My grandfather had a multitude of sayings, some of which, to six year old ears, sounded very ‘half-baked’ (excuse the pun). “If we haven’t got any bread, we’ll have to have toast” was one of them. ‘How on earth can you make toast if you haven’t got any bread?’ was the only thing that my brain would equate at that age. And I used to tell him off for being silly.
It was only as I got older that I understood the wisdom and meaning in this saying. A traditional loaf needs only four ingredients; flour, yeast, water and salt. For millenia this was all that bread contained and still does if you make your own. Traditional bread, if stored properly, goes stale well before it goes mouldy; unless you are deliberately trying to get it to go mouldy (we’ll come on to that later).
Waste Not, Want Not
With traditional bread there is a window where it is still edible, even if it isn’t soft enough for you to want to make sandwiches out of it. This window occurs before it becomes that hard that you could throw it as a ballistic misssile to kill at thirty paces. When it is in this stage you can still happily use it to make toast. SO, “If we haven’t got any bread, we’ll have to have toast” is a resolute reminder not to waste things. Just because your bread isn’t soft enough to make a sandwich doesn’t mean that you throw it away; make something else from it. Live dangerously; change your plans.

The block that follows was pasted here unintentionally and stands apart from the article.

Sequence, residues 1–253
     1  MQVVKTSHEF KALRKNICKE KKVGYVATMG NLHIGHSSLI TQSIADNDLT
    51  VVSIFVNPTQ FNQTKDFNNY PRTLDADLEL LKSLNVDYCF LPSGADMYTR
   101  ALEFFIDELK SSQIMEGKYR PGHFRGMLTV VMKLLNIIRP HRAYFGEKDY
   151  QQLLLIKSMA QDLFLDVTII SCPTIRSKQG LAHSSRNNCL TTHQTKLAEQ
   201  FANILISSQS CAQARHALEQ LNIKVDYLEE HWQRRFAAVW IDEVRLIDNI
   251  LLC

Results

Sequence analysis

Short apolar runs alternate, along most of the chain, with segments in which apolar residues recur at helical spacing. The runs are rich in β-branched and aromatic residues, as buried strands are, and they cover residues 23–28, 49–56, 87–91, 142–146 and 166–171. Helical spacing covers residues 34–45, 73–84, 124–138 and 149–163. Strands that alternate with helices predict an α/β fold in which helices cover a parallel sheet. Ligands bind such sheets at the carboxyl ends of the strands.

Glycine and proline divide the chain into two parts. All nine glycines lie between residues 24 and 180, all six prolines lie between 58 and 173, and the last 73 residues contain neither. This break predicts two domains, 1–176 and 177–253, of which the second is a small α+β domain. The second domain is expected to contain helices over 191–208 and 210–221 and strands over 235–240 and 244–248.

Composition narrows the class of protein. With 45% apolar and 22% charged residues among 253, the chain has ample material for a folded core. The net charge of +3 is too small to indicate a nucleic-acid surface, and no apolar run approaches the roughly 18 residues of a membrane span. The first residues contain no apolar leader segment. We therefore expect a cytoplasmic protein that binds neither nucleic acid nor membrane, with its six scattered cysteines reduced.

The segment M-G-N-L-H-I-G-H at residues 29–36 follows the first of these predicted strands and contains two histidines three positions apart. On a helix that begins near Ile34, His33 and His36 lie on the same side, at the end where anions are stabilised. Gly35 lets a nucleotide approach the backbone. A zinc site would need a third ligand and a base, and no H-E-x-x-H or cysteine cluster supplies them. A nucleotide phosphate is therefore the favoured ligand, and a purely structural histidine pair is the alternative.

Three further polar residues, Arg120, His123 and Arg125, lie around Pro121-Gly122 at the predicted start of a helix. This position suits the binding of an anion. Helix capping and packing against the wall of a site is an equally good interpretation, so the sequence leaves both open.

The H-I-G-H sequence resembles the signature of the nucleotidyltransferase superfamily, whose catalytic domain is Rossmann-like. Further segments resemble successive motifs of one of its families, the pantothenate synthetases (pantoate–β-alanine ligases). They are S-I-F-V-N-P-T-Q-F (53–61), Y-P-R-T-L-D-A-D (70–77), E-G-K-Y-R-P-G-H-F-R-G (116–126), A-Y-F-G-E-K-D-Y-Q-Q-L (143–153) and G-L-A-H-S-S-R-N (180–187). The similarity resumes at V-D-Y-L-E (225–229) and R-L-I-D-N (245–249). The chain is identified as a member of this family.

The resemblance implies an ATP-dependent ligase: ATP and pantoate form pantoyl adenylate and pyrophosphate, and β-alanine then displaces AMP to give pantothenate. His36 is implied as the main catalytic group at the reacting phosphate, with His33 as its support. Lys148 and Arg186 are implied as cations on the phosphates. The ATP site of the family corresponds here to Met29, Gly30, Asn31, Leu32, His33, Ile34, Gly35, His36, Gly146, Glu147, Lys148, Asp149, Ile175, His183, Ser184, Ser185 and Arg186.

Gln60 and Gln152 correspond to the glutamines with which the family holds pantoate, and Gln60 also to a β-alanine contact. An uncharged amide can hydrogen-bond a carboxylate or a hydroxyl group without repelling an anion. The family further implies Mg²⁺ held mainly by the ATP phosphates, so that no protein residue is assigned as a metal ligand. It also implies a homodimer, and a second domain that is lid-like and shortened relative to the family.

Then Things Went Horribly Wrong
Back in the early 1960s, the national loaf had a designer makeover. The flour and yeast were changed and a combination of intense energy and additives completely displaced time in the maturing of dough.
This is the way that our ‘commercial’ bread has been made for over half a century. It is white and light, stays soft for a stupid number of days and it is cheap. For increasing numbers of people, however, it is now almost inedible.
Recent research suggests that we urgently need to rethink the way that we make bread, as scientists reveal the havoc it is causing to public health. As British commercial breadmakers find ever more ingenious ways to adulterate our bread it isn’t surprising that it commands little respect. The big bakers are suspiciously silent about the nutrition of ‘standard’ loaves. In Britain, when it comes to bread, low cost = low quality, a product of a bland, pappy nature.